Next to audition is a girl named Ivy, who is blonde and bouncy in every way, and the mannish woman checks out Ivy’s ass as she bends over, indicating that in Hollywood, a steely-grey pixie cut is still meant to signify exactly what you suspected it might. Kat — whose name is Karen in this, and will be referred to as such — is summarily dismissed.

Over in Successful Winnerland, represented here, debatably, by Riverside Drive, Cousin Debbie (who plays a character named Julia, but whom I will only refer to Cousin Debbie) and a man who is Not Sean Hayes (and whom I will call Tom, as that is his name) are hanging out in Tom’s beautiful kitchen, where Tom’s beautiful new assistant Ellis has thoughtfully collected his mail, prepared a welcome-home feast of mac and cheese, and meticulously arranged his teabags in a single drawer. Ellis has the lambent eyes and colorfully preppy dress sense of one of those Sylvanian Family woodland creatures that my sister and I spent much of the early nineties arranging according to species in their mountain cabin, while keeping meticulous records of their personal information in a special notebook (which my mother confiscated when she figured out we’d got the idea of “registering” them from Schindler’s List). Cousin Debbie, for reasons not yet made clear to us, hates him on sight. Also, she thinks he is straight. I think Ellis is clearly ambisexual, which in this case means his sexuality is defined by his ambition. Time will out, but right now it’s not sexposition time, it’s exposition time!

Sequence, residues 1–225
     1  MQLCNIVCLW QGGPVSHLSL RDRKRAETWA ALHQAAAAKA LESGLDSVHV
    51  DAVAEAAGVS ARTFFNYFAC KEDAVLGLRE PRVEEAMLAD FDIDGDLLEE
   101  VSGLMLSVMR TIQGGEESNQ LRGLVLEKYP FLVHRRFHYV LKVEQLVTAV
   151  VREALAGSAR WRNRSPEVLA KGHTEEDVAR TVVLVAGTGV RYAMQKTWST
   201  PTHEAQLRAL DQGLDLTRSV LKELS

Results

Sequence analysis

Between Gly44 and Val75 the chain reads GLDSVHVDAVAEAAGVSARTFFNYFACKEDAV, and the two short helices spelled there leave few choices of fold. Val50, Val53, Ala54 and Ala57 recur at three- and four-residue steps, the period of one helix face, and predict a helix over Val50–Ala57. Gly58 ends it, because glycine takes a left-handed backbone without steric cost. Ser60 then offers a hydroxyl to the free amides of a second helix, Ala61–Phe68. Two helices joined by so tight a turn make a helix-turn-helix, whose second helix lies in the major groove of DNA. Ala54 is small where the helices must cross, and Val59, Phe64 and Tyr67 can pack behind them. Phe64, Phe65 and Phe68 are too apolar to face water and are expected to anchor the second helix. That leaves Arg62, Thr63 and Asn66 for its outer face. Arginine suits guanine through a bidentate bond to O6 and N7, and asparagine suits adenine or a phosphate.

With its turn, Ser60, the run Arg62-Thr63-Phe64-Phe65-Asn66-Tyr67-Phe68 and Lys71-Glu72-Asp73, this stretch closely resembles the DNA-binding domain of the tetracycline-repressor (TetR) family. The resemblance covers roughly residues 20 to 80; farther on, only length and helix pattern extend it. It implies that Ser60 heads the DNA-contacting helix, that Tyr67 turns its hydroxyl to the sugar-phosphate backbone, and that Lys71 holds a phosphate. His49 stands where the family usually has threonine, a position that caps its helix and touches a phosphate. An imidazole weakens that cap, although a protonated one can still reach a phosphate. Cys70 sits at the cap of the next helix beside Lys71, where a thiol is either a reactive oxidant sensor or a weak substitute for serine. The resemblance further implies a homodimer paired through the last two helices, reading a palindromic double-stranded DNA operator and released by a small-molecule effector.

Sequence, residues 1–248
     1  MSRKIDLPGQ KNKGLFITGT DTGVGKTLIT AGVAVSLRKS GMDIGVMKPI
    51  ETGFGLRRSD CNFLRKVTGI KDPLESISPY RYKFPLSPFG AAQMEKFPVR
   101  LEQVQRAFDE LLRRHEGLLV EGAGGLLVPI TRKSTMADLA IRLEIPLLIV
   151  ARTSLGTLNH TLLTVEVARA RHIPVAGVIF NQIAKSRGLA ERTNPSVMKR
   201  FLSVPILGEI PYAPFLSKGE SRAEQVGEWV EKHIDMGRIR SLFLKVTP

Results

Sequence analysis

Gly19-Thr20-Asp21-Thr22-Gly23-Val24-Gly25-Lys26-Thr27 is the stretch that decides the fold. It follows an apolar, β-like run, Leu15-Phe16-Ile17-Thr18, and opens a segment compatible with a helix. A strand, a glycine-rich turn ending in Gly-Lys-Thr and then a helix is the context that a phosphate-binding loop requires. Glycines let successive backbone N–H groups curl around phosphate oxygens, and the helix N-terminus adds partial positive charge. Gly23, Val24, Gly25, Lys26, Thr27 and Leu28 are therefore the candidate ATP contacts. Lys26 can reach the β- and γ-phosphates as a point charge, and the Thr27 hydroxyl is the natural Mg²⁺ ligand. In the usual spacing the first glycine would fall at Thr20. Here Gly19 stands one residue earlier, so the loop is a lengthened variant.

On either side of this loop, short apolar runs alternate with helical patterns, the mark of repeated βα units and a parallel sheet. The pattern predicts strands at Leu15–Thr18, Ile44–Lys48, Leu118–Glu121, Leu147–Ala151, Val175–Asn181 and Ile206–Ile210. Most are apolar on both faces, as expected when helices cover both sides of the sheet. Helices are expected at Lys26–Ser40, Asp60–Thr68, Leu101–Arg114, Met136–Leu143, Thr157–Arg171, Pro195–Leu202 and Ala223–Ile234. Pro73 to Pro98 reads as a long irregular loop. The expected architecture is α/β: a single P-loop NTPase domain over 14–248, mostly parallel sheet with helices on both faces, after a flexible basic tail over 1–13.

Cousin Debbie reads in the paper that a high-profile revival of My Fair Lady has fallen through and takes this opportunity to give us our first official State of the American Theater Address: “Revivals, and movies,” she bemoans. “Why doesn’t anyone do new musicals anymore? New book. New songs. We write new musicals.” Tom points out that they are currently taking a break, and from the snippy tone of his voice it seems like said break was mandated by Cousin Debbie. No!!! No, Cousin Debbie! Come back from your break and save us from the unholy specter of Geri Halliwell as Eliza Doolittle!!  And let me borrow your enormous knitted scarf that mysteriously matches both your hair and your skin tone! Aunt Carol said you were supposed to be nice to me!